Meeting and staying in touch with the people who can help us personally and professionally – networking – is much like discussing the weather; everyone talks about it, but hardly anyone does anything about it, or more succinctly, most people have no idea how to network successfully.
Aviation’s no different from any other profession though. The best opportunities go to the people who seek out people who are connected to the kinds of jobs they’d like to have. Then you just, well … connect with them and ask the right questions to help you land the job you want.
OK, so maybe it’s not all quite that simple, but as I mentioned in last month’s story about mentoring, industry newbies need to start somewhere and the best way to be successful is to met people who are further up your ladder. Like a kid peering through the window of a candy store clearly knows what they want when they see it, a future aviator, technician, airport manager, or any of another dozen other jobs, needs to begin by hanging out at the airport, or at least at the place where airport people hang out like conventions or organization meetings.
What stops people these days of electronic communications is that many young people have no clue how to break the ice with the people they don’t know. Here are a few tips. First realize that like you, everyone started out as a new kid somewhere along the line. Of course, while most professionals are willing to help someone searching for answers, not everyone will. That’s human nature. The point is not to take a rebuff personally. Approaching a pilot at an FBO or a maintenance technician in a shop and being told they don’t have time to talk might mean simply that. You’ve caught them on a bad day or just as they’re walking out the door. It happens. Move on to someone else.
But since I’m a pilot and a writer, let’s assume you want to focus on a pilot career and are wondering how to start the conversation. Assuming you’re at an airport and you notice a crewmember in uniform standing around, the key is to take a deep breath, walk up to them and say, “Excuse me. I really want to fly professionally and I wondered if I can ask you a couple of questions?” You just broke the ice. If they say yes, introduce yourself and ask away. But be respectful of the person’s time. Ten minutes is plenty unless the pilot offers more. And remember, it’s a conversation. That involves listening, not simply talking.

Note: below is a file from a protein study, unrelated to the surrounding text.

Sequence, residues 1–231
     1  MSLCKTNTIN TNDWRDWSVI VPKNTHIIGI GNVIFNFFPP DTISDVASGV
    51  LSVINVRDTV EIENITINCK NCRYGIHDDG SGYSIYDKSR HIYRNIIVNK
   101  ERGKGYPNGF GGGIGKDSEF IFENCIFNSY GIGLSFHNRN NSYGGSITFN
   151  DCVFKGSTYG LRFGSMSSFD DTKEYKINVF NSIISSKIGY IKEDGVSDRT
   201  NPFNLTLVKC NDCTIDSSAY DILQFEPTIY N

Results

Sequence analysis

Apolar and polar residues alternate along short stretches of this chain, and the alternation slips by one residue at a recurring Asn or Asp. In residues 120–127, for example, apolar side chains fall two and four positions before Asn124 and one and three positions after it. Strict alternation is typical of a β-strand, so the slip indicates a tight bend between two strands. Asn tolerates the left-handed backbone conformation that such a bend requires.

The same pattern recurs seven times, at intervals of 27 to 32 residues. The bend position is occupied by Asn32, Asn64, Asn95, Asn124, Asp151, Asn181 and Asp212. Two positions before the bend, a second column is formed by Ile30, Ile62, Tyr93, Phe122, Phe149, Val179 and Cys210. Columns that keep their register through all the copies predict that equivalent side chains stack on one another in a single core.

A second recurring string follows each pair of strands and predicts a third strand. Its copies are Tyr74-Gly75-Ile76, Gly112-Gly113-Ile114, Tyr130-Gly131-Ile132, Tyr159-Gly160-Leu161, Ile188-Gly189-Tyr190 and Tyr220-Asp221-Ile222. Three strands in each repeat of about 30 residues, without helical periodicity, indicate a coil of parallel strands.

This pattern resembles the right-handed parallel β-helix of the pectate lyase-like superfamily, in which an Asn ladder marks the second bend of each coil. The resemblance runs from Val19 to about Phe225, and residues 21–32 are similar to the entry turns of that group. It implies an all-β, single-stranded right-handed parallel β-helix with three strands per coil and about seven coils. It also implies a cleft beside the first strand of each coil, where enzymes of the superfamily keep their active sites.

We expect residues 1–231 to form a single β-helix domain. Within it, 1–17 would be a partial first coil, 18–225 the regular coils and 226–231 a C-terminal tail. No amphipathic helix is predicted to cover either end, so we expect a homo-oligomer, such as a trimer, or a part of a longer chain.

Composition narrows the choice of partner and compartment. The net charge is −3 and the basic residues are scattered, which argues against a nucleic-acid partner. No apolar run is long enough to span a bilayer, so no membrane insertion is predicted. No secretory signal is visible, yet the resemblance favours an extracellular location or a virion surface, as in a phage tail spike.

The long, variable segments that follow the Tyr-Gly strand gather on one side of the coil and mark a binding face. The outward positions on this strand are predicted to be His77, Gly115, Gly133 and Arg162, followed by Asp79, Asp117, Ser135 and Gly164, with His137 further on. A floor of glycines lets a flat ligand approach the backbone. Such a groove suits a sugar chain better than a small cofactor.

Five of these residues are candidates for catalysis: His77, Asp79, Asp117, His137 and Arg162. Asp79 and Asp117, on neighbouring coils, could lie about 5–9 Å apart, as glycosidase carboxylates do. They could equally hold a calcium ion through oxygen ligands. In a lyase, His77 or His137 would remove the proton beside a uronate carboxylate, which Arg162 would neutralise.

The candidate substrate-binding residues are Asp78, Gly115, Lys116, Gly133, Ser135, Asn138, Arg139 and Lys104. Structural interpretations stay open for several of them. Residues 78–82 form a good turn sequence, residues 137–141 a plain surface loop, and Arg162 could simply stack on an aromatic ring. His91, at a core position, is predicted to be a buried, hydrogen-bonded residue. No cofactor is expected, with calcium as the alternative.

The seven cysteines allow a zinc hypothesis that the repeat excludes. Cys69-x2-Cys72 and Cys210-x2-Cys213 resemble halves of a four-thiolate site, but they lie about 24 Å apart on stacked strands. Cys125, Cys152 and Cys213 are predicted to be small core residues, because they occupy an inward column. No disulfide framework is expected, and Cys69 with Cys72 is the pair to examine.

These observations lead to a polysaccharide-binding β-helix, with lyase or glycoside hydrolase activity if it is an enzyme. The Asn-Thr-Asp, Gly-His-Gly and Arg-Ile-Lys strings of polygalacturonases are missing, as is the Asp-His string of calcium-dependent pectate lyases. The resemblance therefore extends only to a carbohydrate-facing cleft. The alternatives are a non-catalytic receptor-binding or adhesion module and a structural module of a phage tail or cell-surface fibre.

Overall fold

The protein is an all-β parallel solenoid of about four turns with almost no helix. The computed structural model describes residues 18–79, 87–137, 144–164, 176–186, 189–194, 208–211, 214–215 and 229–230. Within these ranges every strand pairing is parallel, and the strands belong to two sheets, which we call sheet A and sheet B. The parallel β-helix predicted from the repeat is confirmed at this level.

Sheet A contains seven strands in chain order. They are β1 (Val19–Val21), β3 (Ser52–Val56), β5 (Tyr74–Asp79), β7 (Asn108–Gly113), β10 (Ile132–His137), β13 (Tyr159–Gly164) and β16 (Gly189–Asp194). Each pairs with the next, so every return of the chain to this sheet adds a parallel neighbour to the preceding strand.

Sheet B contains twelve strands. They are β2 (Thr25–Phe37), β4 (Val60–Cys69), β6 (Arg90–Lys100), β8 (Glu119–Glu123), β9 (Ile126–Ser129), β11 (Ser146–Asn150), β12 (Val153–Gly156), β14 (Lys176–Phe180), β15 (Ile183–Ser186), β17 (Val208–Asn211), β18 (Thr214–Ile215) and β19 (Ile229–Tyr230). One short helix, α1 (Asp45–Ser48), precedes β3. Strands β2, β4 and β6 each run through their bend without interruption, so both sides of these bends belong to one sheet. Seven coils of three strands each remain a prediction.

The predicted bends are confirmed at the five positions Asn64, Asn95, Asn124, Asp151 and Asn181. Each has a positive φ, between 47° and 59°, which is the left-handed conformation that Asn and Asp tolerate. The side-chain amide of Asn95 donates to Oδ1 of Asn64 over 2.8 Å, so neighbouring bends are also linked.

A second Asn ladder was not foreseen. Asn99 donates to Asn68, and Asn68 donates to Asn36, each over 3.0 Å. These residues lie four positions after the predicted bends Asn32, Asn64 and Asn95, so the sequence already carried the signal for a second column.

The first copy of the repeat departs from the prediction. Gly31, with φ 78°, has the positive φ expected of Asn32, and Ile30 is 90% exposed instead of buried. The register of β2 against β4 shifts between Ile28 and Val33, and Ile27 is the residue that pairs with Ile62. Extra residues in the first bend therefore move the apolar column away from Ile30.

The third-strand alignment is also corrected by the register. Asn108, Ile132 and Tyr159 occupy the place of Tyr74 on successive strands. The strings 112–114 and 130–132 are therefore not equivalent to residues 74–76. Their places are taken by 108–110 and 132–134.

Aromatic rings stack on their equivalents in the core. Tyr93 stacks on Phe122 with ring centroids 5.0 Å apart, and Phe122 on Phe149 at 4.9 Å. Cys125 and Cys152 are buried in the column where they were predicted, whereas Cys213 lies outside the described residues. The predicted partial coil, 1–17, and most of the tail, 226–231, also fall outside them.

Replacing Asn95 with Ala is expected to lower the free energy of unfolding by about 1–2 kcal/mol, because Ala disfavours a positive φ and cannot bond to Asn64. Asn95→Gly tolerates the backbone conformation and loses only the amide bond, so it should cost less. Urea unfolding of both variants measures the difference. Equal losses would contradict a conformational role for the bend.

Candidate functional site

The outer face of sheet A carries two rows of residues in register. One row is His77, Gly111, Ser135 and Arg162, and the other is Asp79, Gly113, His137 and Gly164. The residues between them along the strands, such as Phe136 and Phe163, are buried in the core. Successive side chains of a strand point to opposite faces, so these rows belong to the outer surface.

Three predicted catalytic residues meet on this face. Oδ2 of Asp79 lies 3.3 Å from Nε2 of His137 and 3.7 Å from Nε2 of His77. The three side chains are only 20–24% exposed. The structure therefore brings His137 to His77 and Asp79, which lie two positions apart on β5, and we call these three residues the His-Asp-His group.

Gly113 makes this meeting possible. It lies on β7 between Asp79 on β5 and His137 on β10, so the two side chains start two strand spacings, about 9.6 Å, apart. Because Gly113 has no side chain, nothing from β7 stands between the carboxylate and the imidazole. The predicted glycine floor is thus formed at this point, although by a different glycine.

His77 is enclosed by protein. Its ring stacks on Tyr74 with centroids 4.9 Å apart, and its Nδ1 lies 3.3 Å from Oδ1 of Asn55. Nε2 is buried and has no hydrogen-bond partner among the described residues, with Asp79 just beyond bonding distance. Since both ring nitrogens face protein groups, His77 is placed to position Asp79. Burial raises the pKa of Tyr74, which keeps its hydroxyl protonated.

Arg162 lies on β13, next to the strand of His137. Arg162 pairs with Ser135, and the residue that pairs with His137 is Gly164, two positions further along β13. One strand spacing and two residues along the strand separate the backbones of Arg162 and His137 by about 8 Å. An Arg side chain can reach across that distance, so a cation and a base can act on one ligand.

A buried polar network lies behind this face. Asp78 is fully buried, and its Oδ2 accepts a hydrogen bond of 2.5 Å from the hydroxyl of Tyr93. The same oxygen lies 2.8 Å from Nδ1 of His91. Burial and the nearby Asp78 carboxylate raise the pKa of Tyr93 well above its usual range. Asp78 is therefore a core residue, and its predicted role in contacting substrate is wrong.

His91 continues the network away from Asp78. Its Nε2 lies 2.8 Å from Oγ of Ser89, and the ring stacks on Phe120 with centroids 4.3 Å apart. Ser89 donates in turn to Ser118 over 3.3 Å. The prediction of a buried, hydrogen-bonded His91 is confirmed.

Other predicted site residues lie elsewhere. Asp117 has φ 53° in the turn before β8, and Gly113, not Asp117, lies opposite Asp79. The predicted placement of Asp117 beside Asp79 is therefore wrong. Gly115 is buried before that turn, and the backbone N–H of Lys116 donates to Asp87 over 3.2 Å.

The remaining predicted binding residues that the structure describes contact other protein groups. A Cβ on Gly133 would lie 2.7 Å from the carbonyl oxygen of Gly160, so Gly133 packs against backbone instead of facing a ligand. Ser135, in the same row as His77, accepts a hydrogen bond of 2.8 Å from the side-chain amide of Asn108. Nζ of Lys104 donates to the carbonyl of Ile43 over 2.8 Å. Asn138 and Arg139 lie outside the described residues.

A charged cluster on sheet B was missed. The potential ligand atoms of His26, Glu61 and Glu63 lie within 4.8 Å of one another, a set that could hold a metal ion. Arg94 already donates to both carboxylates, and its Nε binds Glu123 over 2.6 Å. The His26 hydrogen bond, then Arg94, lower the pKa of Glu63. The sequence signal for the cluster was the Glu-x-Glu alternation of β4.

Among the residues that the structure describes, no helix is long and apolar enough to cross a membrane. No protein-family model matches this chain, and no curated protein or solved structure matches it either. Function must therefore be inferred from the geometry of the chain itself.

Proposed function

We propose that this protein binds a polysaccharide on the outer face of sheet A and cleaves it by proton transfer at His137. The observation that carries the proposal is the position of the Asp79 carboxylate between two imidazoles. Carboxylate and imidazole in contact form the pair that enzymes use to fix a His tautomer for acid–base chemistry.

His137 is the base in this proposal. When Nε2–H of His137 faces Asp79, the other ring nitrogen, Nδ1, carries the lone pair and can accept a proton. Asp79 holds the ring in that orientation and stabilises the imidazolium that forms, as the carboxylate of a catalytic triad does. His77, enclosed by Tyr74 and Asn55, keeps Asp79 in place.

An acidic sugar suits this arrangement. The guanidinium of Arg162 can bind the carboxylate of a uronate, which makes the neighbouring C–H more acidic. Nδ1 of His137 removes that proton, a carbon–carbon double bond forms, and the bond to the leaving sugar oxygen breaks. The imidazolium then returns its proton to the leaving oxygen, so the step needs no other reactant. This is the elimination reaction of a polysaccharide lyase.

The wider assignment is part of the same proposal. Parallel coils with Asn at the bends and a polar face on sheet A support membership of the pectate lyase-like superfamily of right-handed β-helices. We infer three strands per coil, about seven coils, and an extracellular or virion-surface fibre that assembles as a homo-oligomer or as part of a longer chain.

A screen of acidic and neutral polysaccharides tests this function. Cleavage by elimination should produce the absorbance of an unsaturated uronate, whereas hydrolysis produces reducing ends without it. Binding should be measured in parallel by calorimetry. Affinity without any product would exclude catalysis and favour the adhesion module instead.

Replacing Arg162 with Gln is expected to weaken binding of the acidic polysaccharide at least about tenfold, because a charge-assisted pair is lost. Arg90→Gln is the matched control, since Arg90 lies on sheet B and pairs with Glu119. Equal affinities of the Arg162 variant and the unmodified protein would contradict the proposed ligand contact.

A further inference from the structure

Ending the conversation can seem a bit tricky, but it doesn’t need to be if you’re prepared. Long before your approach your first pilot, or mechanic or air traffic controller, go spend $20 and print some business cards with your contact info and maybe a snappy marketing phrase like “airline pilot wannabe,” or “future aviation maintenance technician.” Then when you say thanks for this first conversation, offer a card and ask for theirs in return. A week or so later, send a nice e-mail that says, “Thanks again for the career advice in the FBO lobby at PDK. I’m always on the lookout for that next job, so if you hear of anyone looking for someone like me with 800 hours and 125 multi, I’d appreciate you letting me know. Thanks, Rob.”
These days, I’ve found an easy way to maintain my contact database is to carry it with me all the time, hence the value of a good smart phone since it’s always in my pocket. I use an app called “Sam Card,” to scan in people’s business cards as soon as I receive them too. The app allow me to add in comments such as, “This is the NetJets pilot I met in Aug., 2015 at PDK,” so I have some context when it’s time again to reach out.
Finally, I have always found that ending that first conversation well is critical to that long-term value. I’d try to end with a good question like, “If you had it to do all over again, would you still pick flying as a career?” If they say no, ask why. Another session ender could be, “What do you think is the best thing/worst mistake you made in your career?” Sometimes I Make people rally think and they offer some incredible advice. Then there are those who are pressed for time and might say something like, “I really need to think on that one. Why don’t you follow up with me next week and I’ll have a better answer.”
And so ends your first day of practical networking 101, a skill everyone needs but few pull off successfully in their career search. Good luck. Feel free to e-mail me at firstname.lastname@example.org with your questions.